It’s been four years to the day since U.S. Attorney General Eric Holder said federal prosecutors would investigate whether the death of Eric Garner from a police chokehold amounted to a federal crime. That was after the Staten Island District Attorney's presentation of evidence to a local grand jury did not result in state charges.

"It has been four years, and it hasn't been any movement with the DOJ. We haven't heard anything in over a year and a half," said mother of Eric Garner, Gwen Carr.

Carr says she's baffled and heartbroken by the Justice Department's inaction, because, in her eyes, her son was murdered by Officer Daniel Pantaleo.

But in an exclusive interview with NY1, the former head of the NYPD's Legal Bureau says federal civil rights prosecutors have made a decision. Larry Byrne says it's now up to top justice officials to accept or reject it.

"We know as we sit here today that the career prosecutors and FBI agents in the Civil Rights Division in Washington have concluded their factual investigation,” Byrne said. “That means they have interviewed all of the witnesses, they reviewed all of the evidence. They have reviewed the video tape that we have all seen many, many times. And they have made a recommendation to the front office."

Byrne says he was not told what the recommendation is.

"My suspicion, based on my seven years as a federal criminal prosecutor, is that they have probably recommended an indictment," Byrne said.

To convict Pantaleo on a federal civil rights charge, prosecutors have to do more than show he acted negligently or recklessly. They have to prove he intended to kill Garner.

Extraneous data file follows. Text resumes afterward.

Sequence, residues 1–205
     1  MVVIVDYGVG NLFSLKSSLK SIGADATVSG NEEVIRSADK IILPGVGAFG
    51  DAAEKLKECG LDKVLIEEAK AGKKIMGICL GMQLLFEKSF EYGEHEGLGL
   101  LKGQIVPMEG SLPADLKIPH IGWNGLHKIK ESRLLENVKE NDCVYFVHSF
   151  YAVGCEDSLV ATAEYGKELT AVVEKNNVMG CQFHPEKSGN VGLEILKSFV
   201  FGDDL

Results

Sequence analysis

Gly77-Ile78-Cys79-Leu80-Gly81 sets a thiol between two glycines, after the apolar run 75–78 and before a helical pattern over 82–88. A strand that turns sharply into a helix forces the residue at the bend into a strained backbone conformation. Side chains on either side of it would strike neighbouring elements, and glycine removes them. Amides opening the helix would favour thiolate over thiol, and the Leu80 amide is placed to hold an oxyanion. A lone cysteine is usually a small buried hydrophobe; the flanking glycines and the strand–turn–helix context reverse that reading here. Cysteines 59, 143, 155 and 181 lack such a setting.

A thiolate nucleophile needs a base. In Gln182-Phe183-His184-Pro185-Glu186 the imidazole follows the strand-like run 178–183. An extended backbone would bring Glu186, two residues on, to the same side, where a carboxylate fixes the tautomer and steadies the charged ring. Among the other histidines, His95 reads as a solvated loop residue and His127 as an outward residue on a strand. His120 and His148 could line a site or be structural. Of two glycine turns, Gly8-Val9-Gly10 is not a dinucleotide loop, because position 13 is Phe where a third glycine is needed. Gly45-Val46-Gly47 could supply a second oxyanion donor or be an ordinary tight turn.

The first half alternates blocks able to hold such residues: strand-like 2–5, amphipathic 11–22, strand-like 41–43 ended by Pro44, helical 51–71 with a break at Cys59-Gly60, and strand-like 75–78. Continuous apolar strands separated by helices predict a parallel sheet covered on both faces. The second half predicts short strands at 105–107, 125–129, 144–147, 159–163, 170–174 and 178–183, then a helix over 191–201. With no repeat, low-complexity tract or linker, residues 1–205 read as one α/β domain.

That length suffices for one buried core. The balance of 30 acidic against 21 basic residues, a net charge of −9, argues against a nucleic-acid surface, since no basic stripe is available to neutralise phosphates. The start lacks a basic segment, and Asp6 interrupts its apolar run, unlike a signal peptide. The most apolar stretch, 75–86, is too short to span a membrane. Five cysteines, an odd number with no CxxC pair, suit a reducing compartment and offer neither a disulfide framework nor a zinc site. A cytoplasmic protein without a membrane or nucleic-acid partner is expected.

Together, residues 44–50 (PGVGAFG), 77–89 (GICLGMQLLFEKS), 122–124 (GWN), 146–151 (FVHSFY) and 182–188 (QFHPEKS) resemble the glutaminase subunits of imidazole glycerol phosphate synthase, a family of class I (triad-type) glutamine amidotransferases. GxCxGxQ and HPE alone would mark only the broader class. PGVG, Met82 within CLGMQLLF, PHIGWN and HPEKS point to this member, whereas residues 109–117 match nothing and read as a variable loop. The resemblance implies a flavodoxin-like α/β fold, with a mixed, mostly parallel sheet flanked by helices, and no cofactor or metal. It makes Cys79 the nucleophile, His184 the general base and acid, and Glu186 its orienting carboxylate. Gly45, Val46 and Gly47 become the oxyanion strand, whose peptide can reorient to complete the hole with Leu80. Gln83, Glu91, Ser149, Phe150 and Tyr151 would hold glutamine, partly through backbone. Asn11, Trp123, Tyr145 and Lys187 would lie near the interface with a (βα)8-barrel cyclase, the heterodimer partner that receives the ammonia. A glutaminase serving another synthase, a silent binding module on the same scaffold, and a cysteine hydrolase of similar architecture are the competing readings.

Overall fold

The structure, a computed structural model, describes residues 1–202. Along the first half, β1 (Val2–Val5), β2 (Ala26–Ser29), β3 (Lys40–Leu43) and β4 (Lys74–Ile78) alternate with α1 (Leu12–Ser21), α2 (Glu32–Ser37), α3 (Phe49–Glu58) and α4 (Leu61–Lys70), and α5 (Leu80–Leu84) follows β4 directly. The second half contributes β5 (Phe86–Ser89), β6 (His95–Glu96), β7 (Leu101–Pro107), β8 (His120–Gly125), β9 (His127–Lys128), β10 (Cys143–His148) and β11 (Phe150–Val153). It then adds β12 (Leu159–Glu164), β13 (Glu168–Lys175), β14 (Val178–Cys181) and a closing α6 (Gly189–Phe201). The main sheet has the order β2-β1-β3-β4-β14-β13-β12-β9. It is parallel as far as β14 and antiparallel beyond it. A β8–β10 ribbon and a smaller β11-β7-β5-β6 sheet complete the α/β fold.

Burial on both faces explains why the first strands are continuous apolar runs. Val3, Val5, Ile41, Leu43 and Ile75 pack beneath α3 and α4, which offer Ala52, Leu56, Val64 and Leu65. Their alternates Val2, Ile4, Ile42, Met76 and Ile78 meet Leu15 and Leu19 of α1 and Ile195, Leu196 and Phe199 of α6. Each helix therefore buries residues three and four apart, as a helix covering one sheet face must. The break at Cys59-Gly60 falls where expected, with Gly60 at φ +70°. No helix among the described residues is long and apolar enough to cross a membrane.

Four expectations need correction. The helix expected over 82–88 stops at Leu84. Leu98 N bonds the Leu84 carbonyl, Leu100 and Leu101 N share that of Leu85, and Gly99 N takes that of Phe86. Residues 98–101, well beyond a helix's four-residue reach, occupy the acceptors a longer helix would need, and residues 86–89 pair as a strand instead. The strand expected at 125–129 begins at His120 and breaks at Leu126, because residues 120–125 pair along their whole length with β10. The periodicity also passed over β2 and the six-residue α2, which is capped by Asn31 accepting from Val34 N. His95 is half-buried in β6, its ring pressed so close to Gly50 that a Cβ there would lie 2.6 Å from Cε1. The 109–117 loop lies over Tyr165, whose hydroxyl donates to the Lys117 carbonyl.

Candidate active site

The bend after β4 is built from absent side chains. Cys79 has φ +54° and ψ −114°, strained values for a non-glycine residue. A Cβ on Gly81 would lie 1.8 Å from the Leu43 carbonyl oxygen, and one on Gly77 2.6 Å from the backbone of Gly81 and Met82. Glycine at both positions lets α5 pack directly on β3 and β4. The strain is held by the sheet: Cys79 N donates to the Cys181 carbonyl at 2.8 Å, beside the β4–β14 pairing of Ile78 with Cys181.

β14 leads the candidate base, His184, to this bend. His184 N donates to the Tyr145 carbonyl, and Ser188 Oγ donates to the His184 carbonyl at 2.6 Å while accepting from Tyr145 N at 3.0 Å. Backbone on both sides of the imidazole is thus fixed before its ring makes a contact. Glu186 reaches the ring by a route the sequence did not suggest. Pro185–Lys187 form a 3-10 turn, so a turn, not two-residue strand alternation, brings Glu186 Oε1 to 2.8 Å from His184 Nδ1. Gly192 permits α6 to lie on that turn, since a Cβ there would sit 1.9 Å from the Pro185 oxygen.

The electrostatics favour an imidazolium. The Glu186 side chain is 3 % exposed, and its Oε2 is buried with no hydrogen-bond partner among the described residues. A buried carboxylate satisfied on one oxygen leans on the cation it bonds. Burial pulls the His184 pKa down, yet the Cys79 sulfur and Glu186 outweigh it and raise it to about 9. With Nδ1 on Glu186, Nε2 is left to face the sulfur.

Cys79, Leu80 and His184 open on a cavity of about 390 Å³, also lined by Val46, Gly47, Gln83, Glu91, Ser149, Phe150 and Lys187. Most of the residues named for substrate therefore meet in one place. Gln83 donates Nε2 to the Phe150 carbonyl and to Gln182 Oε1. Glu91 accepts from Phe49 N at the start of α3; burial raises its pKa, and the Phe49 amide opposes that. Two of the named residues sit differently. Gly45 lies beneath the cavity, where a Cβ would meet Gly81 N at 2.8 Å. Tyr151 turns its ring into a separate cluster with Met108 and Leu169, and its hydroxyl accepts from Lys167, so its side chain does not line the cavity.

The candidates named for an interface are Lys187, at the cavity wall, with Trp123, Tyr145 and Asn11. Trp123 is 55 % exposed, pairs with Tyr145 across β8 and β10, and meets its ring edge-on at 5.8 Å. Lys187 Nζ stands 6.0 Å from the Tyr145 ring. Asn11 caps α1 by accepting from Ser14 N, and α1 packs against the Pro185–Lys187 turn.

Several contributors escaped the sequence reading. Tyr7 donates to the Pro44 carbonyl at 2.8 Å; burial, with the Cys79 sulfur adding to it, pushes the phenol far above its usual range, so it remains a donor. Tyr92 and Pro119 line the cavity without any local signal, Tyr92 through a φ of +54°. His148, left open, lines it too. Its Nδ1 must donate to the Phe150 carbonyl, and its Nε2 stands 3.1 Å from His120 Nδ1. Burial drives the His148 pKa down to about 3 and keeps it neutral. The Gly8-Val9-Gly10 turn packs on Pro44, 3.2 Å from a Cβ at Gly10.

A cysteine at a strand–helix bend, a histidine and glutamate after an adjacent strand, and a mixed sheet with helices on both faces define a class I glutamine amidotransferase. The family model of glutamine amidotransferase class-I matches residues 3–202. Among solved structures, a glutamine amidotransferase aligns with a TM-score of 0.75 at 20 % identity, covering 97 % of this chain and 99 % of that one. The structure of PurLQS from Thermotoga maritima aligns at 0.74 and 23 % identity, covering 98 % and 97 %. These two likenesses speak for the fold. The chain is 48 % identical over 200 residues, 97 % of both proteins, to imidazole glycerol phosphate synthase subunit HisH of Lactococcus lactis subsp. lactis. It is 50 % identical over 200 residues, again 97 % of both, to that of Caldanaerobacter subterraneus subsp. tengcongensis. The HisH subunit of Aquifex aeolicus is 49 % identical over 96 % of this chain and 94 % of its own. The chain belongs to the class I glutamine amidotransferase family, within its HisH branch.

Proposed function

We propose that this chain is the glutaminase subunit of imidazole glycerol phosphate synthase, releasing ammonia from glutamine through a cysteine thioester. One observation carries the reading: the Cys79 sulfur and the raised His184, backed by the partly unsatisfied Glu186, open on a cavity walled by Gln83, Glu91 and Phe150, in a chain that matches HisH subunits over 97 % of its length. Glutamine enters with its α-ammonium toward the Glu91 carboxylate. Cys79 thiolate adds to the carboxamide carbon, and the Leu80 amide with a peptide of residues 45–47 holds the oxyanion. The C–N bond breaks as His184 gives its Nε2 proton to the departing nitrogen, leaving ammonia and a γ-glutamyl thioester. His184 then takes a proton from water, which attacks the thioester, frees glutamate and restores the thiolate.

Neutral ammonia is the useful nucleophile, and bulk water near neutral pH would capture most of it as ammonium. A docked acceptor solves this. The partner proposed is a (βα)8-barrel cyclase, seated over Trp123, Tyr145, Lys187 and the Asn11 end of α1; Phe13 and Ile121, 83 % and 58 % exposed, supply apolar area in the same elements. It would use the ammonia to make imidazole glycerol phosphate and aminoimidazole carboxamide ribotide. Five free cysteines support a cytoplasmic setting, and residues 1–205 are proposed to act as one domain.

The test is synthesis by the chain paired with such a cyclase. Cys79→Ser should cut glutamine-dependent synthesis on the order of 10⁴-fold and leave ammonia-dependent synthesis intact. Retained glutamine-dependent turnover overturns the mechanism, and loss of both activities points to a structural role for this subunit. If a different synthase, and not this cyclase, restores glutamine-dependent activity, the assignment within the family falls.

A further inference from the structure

The Brooklyn U.S. Attorney's Office decided not to prosecute because of doubts, Byrne says, of meeting that burden of proof. Then the Civil Rights Division stepped in.

Byrne says it is unusual for federal cases that have video and witnesses available to take so long.

But the department’s leadership keeps changing. The recent ouster of Attorney General Jeff Sessions may cause even more delays.

"The Garner family has been waiting four and half years,” Byrne said. “The public, frankly, has been waiting four and a half years, and officer Pantaleo and his family have been waiting four and half years."

After waiting for the feds to act, the NYPD said over the summer it would bring departmental charges against Pantaleo that could lead to his firing.

The police union says it's confident Pantaleo will be “vindicated.”

Byrne says as the fifth anniversary of Garner's death approaches, DOJ needs to announce  a final decision in the civil rights case.